Inquiries into quality of care for elderly patients

Sans Everything

In response to the 1967 publication Sans Everything by campaigner Barbara Robb from the group Aid to the Elderly in Government Institutions, the government appointed independent committees to investigate allegations of suffering at seven hospitals.

The book consisted of accounts of random and mindless cruelty and fraud. It was suggested the persistent staff shortages could lead to the recruitment of nurses who came to regard 'defenceless patients merely as sources of disagreeable hard work for themselves'.

'No substance whatever in the allegations'

The independent committees made some criticisms of conditions, but they did not find evidence of the level of failings suggested by Robb.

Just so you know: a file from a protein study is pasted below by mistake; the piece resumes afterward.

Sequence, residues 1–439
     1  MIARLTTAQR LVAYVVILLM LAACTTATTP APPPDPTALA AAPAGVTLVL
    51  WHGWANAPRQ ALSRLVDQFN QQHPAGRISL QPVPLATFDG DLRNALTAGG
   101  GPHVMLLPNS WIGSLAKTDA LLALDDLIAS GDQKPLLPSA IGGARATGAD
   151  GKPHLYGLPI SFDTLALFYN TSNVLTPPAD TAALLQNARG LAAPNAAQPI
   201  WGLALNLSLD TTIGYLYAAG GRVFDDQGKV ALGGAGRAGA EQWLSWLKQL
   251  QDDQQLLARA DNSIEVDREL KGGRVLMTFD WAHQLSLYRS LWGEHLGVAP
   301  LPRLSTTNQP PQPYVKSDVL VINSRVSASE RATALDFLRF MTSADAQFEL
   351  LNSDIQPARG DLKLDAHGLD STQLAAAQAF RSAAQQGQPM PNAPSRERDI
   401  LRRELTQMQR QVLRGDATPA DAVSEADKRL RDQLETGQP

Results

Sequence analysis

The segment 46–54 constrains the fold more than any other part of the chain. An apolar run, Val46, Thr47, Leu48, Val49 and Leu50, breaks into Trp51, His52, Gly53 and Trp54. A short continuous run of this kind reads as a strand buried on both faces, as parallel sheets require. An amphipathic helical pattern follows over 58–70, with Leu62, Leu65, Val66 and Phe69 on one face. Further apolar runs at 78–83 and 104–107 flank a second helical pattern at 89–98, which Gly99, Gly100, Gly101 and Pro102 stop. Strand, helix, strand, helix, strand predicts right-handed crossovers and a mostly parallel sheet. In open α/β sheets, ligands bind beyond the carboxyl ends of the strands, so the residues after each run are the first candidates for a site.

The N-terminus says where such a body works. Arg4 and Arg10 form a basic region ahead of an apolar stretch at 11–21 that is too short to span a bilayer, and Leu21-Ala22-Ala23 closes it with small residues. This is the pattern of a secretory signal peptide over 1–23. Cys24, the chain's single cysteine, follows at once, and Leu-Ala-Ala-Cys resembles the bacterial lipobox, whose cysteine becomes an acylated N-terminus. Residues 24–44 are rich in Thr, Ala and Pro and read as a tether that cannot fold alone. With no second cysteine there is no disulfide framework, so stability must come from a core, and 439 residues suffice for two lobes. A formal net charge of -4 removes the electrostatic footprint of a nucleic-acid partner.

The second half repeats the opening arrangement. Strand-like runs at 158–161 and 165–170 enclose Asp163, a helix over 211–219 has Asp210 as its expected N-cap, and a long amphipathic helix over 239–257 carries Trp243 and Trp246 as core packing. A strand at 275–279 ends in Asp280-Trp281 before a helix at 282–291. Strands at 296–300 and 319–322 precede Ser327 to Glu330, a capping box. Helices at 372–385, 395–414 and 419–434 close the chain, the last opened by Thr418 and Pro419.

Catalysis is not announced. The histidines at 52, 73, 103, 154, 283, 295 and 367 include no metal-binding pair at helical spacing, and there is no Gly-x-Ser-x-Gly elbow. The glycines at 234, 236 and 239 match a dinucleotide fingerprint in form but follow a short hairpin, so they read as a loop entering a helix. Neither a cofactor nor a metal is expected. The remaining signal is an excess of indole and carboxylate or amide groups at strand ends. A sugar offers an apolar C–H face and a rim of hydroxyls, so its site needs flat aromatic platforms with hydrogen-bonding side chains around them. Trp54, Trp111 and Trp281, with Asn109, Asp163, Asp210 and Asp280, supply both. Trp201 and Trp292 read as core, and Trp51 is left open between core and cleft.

For example, with regard to allegations made against St Lawrence's Hospital, Bodmin, the committee concluded that 'we have no hesitation in saying that in our unanimous opinion there is no substance whatever in the allegations of cruelty by staff to patients as alleged in this article'.

However, the committee findings were heavily edited and the general tone was to dismiss accusations as isolated incidents or malicious complaints.

For example, one report described a whistle-blower as 'a most unreliable witness, whose judgment was manifestly unsound' and 'a rather solitary person with a somewhat simple mind', and used further disparaging remarks to invalidate her testimony, suggesting a less than impartial approach.

Source(s)

Department of Health and Social Security.
Allegations Concerning the Care of Elderly Patients in Certain Hospitals.
HMSO; 1968.